It’s always good to receive an award.  When you’ve worked long hours and kept going, seeing your efforts acknowledged brings a welcome glow – and is a great motivator for your team.  But some awards aren’t really awards.

Most local awards are free to enter, but some national and industry awards have an entry fee involved.  This is usually to cover the administration costs, sometimes also to pay the fees of the judges who have to read all the submissions and, perhaps, meet to discuss the short list and winners.  So having to pay to enter doesn’t necessarily make an award invalid.

However, there are some organisations that invent their own ‘awards’ and not only do you have to pay, but there is a whole package of costs too.  These may include:

  • An advertisement in their ‘special awards publication’
  • Promotional material for the awards ‘event’
  • Email campaigns promoting your business to their database
  • A minimum number of seats at the award dinner

Of course, you will be promised exposure to lots of potential clients as part of your investment, but this is really a marketing service masquerading as an award.

Does this mean you should refuse anything that is beginning to look like more of a marketing service than a bona fide award?  Not necessarily, but first do your due diligence.

If you don’t have the money in your marketing budget for this kind of investment – then don’t be tempted.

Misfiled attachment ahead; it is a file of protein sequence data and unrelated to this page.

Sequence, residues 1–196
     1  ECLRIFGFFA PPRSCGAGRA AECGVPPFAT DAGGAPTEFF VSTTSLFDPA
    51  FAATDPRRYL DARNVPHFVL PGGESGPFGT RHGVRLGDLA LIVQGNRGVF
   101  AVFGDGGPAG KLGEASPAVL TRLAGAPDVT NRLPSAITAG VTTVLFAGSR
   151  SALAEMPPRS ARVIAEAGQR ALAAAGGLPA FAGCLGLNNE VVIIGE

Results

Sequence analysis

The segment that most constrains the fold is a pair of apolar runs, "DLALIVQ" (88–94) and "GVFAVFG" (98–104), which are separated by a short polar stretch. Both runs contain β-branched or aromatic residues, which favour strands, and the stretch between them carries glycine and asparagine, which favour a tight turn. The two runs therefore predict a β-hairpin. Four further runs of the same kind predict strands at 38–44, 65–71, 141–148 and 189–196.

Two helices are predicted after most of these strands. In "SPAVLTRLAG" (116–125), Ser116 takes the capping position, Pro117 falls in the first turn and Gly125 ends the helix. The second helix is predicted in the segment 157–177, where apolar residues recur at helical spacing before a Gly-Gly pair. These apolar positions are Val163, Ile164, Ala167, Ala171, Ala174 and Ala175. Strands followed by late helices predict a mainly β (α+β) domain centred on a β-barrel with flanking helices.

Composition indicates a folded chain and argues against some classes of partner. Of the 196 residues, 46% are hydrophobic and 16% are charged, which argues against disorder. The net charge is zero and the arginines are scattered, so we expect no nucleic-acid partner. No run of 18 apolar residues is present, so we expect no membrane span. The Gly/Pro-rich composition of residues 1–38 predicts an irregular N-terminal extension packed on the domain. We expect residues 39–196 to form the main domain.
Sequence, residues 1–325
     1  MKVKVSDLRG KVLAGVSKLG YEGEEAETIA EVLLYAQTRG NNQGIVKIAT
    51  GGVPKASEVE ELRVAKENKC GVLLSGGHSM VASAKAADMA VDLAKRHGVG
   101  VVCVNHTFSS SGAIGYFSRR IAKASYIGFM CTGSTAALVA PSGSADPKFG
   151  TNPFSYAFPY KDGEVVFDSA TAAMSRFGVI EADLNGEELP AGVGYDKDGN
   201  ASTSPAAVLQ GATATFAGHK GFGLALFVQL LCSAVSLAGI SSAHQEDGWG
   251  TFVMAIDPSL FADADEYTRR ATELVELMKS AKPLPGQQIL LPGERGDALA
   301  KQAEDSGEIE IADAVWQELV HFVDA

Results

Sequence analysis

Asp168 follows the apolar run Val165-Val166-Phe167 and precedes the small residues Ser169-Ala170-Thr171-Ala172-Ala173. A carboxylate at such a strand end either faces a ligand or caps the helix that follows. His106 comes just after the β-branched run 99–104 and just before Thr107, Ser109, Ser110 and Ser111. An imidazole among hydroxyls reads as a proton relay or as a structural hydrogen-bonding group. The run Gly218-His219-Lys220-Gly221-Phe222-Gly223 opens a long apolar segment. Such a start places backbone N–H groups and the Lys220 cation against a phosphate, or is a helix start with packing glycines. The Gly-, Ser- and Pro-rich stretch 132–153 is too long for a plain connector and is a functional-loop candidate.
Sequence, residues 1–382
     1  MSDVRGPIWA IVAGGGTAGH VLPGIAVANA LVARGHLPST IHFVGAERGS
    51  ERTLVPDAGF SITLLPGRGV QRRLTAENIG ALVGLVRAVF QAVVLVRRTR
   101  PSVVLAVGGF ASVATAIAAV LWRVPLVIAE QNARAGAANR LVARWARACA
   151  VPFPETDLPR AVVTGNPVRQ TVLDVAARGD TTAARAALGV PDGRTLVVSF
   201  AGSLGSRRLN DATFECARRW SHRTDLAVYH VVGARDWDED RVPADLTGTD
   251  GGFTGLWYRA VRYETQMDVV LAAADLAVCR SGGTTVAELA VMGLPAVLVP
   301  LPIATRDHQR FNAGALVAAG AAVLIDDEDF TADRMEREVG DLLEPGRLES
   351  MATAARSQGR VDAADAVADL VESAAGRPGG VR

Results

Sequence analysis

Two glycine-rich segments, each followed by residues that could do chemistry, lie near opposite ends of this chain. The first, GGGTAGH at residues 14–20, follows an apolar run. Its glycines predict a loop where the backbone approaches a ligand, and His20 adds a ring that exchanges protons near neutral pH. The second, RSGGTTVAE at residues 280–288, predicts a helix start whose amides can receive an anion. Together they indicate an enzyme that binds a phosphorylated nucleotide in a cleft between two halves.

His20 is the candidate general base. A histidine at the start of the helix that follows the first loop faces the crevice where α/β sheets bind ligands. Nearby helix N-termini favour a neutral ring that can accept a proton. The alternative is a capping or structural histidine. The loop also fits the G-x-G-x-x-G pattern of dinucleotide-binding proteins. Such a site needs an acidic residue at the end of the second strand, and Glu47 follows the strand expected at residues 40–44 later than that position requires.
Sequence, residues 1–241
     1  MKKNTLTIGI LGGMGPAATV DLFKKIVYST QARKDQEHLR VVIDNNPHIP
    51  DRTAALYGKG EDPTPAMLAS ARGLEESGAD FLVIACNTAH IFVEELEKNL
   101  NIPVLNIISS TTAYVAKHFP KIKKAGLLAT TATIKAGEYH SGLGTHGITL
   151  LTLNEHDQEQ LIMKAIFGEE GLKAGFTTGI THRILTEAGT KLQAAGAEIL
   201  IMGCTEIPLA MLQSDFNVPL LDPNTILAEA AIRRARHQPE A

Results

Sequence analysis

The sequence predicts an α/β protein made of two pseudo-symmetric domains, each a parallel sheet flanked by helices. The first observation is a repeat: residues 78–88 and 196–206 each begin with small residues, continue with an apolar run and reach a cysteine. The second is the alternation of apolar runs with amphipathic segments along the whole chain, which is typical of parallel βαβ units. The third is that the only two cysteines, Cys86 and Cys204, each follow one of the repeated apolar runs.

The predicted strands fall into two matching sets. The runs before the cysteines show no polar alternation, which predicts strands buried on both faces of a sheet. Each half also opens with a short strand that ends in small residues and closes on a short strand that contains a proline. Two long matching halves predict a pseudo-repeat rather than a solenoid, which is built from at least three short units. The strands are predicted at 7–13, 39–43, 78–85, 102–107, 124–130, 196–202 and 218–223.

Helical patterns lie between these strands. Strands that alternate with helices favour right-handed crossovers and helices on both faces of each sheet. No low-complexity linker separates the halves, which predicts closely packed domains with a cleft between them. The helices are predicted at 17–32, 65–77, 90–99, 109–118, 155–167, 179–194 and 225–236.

If it seems like a good deal anyway ask for their audience demographics, circulation numbers and results for entrants into previous awards they’ve run.

If they can’t give you numbers think twice before parting with your money.

If they’ve run these awards before ask to speak to a couple of former entrants.  They should be pleased to put you in touch – if they can’t or won’t, then walk away.  Actually, if previous winners are showing on their website, it should be pretty straightforward to contact them directly.

Don’t forget the additional costs

  • Your award submission will need writing – you’ll have a better chance with a professional writer putting this together
  • An article for their award publication needs writing – copywriting fees
  • An Ad needs writing – copywriting/ad agency fees
  • An Ad need laying out – graphic designer fees
  • If you want people to take action you’ll need a web page – copy and web set-up fees
  • If you’re aiming to grow your list you may need a giveaway – cost of production and fulfilment (even if it’s a download, rather than an actual product).

That ‘too good to be true’ fee will now have escalated.  It still might be very good value if it reaches your ideal audience and results in sales, but don’t just say ‘yes’, without doing your sums first.